DSM and Multiculturalism
The DSM isn’t an innocent guide to mental health.
After framing general concerns about cultural competency and diagnosis, Victoria E. White Kress et al. (2005) identify three “controversies and criticisms” regarding the DSM: definitions of normalcy, the objectivity of science, and cross cultural viewpoints. Each of these can be restated as assertions in the following forms: the DSM assumes what is normal, DSM assumes it’s methods provide descriptive objectivity, and the DSM assumes particular cultural demographic. Kress argues that these assumptions negatively affect assessment, diagnosis, and practice. Kress suggests six correctives to help counselors compensate for these negative affects so that they do not over-, under-, or misdiagnose their patients. They include knowing the strengths and weaknesses of the DSM, conducting comprehensive and culturally sensitive assessments of all clients, focusing more energy on Axis-IV diagnosis, increasing one’s personal awareness of cultural bias, engaging in collaborative diagnosis and treatment, and relating to clients in culturally sensitive ways (2005). Let’s look at each of these briefly.
Thorough knowledge of the DSM can help clinicians avoid diagnostic shortcomings because a thorough knowledge of the DSM recognizes that its syndromes are “culture bound” (Kern, 2005). Knowing as much can motivate a more thorough investigation of the patient’s experience, raise awareness of both clinician’s and patient’s cultural biases, and highlight psycho-social environmental factors that may be contributing to symptom formation. Such knowledge can greatly decrease the likelihood of mis-diagnosis.
Kress also provides helpful pointers for completing a thorough and sensitive cultural assessment, which happens when clinicians learn about a patient’s cultural schemas, worldview, cultural identity, sources of relevant cultural information, cultural meaning of patient’s problems and symptoms, impact and effects of family, work and community on the patient, and the patient’s internalized stigmas that are associated with the problem. Kress indicates that “emotions connect with culture at three stages – the client’s initial appraisal of the meaning of an event, his or her emotional feeling, an his or her behavioral response – and that these will all be based on culturally determined norms and roles… different symptoms denote varying issues in different cultures. An accurate assessment of emotion or behavior, therefore, is not possible without an assessment of cultural schemas” (p. 100, 2005). An assessment that thoroughly investigates these cultural schemas can curtail the likelihood of under-diagnosis.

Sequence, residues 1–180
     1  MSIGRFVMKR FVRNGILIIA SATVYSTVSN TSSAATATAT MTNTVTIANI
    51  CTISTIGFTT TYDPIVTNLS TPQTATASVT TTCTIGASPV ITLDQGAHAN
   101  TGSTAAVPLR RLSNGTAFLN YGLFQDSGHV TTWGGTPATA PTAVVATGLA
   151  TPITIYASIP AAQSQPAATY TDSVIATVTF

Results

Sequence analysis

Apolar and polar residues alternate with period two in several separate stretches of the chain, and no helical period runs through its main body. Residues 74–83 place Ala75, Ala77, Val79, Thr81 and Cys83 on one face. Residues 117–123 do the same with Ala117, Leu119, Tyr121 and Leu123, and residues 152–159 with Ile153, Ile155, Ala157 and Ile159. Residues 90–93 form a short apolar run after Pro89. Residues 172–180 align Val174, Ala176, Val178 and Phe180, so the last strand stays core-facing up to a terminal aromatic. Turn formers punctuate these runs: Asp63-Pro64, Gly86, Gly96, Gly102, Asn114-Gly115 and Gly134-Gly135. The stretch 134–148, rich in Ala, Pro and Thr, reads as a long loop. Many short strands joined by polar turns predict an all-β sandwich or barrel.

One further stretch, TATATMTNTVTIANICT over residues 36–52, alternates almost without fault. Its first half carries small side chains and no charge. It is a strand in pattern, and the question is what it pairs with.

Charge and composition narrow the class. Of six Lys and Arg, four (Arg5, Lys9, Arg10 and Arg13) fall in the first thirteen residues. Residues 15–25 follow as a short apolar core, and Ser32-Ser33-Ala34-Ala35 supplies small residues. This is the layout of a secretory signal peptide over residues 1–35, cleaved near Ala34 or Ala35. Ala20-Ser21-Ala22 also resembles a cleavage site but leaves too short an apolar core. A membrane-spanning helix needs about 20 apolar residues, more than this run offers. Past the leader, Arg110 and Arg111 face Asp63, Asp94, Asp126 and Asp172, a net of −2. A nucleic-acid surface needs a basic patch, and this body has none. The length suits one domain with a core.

Increased emphasis on Axis IV diagnosis can mitigate over-diagnosis and mis-diagnosis because Axis IV attends to the way “psychosocial and environmental problems often affect the diagnosis, treatment, and prognosis of Axis I and II disorders” (p. 102, 2005). As cultures multiply and fracture within a growing population that still privileges patriarchal, racist, hetero-normative, and classist ideologies, emphasis on Axis IV remains crucial for accurate diagnosis.
The importance of counselor personal awareness cannot be overstated if one wants to avoid misdiagnosis (Kress, 2005). Sensitivity and empathy toward one’s own cultural biases and prejudices are essential for sensitivity and empathy in patient diagnosis and treatment. Personal awareness of this kind is necessary for working with even the most elementary defenses such as projection and introjection, and the handling of transference and counter-transference cannot take place without it. Ignorance may be bliss in some circumstances, but in the therapeutic moment it is dangerous, negligent, and often unethical.
One can further increase their sensitivity and accuracy to diagnostic congruities and incongruities through collaborative assessment, diagnosis and treatment, and this can ensure that patients are not over-pathologized (Kress, 2005). Collaboratively developing diagnosis, goals, and methods for reaching those goals with patients can strengthen therapeutic alliance, motivate patients, and facilitate cultural awareness for both clinician and patient.
Finally, culturally sensitive interpersonal skills that attend to cultural norms and practices can increase both clinician and patient understanding of the problem (Kress, 2005). Clinicians who are able to adapt to and enter their patient’s communication habits, practices, and norms will more likely accomplish Kress’ first five correctives, and thus avoid over-, under,- and misdiagnosing patients- regardless of their cultural heritage.
Kress’ suggestions seem helpful indeed, though I would like to pose the following questions to further the discussion around cultural competency and DSM diagnosis. Due to space constraints, I’ll only list them.
1. Is Kress’ perspective free of the ideological concerns he cites? Some argue that multiculturalism is one of today’s ideologies par excellence. Many European nations, for example, understand acculturation and integration as a necessary condition for the stability and maintenance of culture and the success of their immigrants. Conversely, they argue that multiculturalism actually functions to erode cultural identities. Another way of saying this is that only the west is concerned with multiculturalism, and so might the imposition of multiculturalism be ethnocentric? How multicultural is America’s multiculturalism if it can’t contain many of Europe’s dominant perspectives on culture?
2. Given that assessment and diagnosis must take place in relatively short amounts of time, how does one accomplish Kress’ suggested steps to avoid over-, under-, and misdiagnosis in such short periods of time?
3. How might Kress’ suggestions fit within an analytic topography that emphasizes the importance of defense mechanisms? That is, does Kress’ position too optimistically represent patient transparency and awareness?